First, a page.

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Informants May Get a Pass on Murder

Former FBI agents say violent crimes can be ignored because they are seen as a necessary evil of criminal investigation.

March 16, 2003|Jeff Donn | Associated Press Writer

For decades in cities from coast to coast, FBI agents recruited killers and crime bosses as informants and then looked the other way as they continued to commit violent crimes.

When the practice first came to light in Boston -- unleashing an ongoing investigation that has already sent one agent to prison for obstruction of justice -- FBI officials in Washington portrayed it as an aberration.

But Associated Press interviews with nine former agents -- men with a combined 190 years of experience in more than 25 bureau offices from Los Angeles to Washington -- indicate that the practice was widespread during their years of service between the late 1950s and the 1990s.

The former agents, and two federal law enforcement officials who have worked closely with the bureau, said the practice sometimes emboldened informants, leading them to believe that they could get away with almost anything.

The degree to which the practice continues today is unclear; current FBI agents and administrators are secretive about the bureau's work with informants. However, a senior FBI official indicated that bureau rules designed to prevent serious crimes by informants may not always be followed by agents in the field.

The nine former agents spoke -- on the record -- not to criticize the practice of overlooking violent crimes by informants, but rather to defend it as a necessary evil of criminal investigation.

"The bureau has to encourage these guys to be themselves and do what they do," said Joseph O'Brien, a former FBI informant coordinator in New York City who retired in 1991. "If they stop just because they are working with the FBI, somebody's going to question them. If anything, I'd want them to become more active."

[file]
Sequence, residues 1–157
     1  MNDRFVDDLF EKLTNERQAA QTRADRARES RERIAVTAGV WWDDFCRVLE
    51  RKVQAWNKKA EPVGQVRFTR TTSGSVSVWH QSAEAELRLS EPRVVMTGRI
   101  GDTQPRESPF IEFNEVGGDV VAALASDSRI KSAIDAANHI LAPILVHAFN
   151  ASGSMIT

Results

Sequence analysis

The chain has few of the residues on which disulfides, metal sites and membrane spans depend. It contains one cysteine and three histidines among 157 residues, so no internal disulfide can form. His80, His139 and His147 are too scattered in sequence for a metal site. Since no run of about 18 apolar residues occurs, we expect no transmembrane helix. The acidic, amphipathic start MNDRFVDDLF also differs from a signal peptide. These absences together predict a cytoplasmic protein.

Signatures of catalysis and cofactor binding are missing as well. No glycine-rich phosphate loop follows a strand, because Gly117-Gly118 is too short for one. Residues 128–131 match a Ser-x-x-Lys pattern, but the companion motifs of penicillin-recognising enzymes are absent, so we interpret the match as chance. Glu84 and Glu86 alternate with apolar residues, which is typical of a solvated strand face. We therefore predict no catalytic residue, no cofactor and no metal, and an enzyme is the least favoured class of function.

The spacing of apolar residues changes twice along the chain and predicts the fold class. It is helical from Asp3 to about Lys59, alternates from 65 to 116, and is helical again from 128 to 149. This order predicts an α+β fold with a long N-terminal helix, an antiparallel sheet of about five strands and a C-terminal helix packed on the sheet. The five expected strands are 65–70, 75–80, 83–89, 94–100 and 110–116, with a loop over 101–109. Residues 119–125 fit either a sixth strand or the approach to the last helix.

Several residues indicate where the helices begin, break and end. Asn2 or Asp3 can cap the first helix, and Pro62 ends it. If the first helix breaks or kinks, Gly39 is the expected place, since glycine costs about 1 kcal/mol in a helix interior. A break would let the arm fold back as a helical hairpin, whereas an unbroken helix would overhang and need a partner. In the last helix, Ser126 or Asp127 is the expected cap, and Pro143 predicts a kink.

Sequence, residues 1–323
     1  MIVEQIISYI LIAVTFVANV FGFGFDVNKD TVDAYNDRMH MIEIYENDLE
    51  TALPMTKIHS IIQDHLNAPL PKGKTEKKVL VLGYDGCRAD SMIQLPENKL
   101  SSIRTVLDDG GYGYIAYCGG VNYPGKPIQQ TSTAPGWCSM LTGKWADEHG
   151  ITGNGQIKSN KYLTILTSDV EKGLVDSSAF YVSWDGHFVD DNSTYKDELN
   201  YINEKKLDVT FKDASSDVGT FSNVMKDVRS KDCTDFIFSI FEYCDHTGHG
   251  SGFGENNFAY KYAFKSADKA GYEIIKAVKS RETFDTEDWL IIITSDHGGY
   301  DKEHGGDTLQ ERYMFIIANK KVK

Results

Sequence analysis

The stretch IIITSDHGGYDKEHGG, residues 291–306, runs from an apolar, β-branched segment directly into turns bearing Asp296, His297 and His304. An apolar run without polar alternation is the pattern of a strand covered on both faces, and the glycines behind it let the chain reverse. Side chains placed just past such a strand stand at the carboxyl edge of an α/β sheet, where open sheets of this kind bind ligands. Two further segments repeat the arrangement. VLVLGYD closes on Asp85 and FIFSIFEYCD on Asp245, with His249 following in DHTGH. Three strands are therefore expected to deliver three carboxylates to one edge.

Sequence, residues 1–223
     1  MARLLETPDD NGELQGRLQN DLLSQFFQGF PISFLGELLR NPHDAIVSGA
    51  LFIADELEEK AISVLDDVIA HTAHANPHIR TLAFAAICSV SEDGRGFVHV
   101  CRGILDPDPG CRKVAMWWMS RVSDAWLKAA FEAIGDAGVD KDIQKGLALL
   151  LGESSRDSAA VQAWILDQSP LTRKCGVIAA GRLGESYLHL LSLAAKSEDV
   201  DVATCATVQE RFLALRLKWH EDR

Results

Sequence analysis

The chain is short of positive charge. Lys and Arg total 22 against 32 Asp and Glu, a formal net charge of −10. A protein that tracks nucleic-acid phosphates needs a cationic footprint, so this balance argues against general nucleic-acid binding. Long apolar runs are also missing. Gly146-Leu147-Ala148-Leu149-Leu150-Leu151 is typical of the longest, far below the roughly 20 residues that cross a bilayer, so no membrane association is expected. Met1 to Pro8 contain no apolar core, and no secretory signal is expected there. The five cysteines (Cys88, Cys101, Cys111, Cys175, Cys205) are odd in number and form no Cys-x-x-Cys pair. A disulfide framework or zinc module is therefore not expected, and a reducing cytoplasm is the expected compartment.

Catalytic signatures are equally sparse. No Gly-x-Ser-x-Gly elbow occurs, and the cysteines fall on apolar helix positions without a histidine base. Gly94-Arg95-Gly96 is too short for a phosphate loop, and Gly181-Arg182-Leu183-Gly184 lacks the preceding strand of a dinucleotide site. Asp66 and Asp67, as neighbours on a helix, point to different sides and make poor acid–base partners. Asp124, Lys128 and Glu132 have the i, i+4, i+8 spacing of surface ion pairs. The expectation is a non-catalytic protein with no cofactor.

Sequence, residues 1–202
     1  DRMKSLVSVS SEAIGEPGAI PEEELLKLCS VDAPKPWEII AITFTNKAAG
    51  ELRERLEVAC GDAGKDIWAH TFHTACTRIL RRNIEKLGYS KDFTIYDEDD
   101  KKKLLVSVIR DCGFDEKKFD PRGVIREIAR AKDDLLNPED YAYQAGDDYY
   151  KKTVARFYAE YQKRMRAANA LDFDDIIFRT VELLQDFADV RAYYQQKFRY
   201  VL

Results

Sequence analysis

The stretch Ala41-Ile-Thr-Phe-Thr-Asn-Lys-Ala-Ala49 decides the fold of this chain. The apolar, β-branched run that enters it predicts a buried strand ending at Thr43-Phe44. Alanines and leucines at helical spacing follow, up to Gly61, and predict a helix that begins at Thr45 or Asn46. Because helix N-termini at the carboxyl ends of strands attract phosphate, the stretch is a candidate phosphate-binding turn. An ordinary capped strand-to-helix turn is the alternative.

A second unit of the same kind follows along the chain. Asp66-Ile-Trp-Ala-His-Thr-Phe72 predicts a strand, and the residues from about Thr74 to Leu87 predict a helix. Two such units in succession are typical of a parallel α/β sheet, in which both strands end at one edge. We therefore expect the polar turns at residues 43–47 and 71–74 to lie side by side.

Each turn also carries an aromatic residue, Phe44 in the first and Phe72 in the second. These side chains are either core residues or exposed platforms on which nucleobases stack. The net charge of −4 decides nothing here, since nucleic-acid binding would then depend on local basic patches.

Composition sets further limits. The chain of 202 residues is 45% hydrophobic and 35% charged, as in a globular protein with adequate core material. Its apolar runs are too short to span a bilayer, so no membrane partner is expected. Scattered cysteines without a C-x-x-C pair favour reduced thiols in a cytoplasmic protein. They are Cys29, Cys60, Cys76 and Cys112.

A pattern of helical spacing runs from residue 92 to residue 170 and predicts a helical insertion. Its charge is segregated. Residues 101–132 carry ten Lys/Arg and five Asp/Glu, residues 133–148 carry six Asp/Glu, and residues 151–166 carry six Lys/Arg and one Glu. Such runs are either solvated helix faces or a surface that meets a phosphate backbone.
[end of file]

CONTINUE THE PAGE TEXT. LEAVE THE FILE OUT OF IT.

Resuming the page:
Gary Penrith, who retired in 1992 after a career that included serving as deputy assistant director of intelligence, added: "Every one of the good ones are outlaws."

The former agents said it makes sense to overlook an informant's involvement in robberies or beatings if the information being provided helps solve or prevent worse crimes. But sometimes, they added, even murders were ignored.

Several said they would never protect known killers, but others said it was defensible in some circumstances.

"You have to weigh the odds of whether killing one or two people is better than killing a whole planeload," said Wesley Swearingen, whose service as an agent from 1959 to 1977 included tours in Los Angeles and Chicago.

For example, he said, agents ignored the murder of a small-time mobster by an FBI informant in Chicago in the 1960s because "the information that the FBI was getting was more important. Somebody in the mob is going to kill that person anyway."

William G. Hundley, a longtime U.S. Justice Department lawyer who retired as head of its organized crime section in 1968, said such understandings have sometimes allowed informants "to get away with murder, so to speak."

The bureau, concerned that the release of any information about the informant program could put informants in danger, keeps even the number of informants secret. Former agents say there are thousands.

The former agents interviewed were generally more forthcoming about their FBI experiences than the bureau might like. Four have written books that sometimes diverge from the official line, and O'Brien resigned from the agency in a dispute over his book's contents.

However, the former agents remained faithful to the bureau's policy of protecting informant identities, declining to name even those who had committed murder.

An AP review of court cases and published accounts identified 11 criminals who are known to have killed while working with the agency, or to have been shielded by their bureau handlers from prosecution for murders committed before they were recruited.

Those 11, including three mobsters involved in the Boston scandal, are believed to have killed at least 52 people between the 1960s and the mid-'90s.

Previously, these cases had been reported as isolated incidents, but in light of the interviews with former agents, they appear to be a part of a wider pattern.

Clifford Zimmerman, a Northwestern University law professor who studies informant practices, says it is immoral, and perhaps illegal, for agents to shrug off violent crimes.

"They're doing their own little cost-benefit analysis and really not taking into account, in my opinion, the damage to society that these people are causing," he said. "Is a federal official entitled to make that decision -- that one person's life is more valuable than another's?"

Sometimes it amounts to that, former agents acknowledge.

"What it comes down to is: Who's got the best information?" said Robert Fitzpatrick, assistant director of the Boston field office when he retired in 1986. Top-echelon informants -- those well placed to provide valuable information in major mob investigations -- "generally would be savable" even if they killed, he said.

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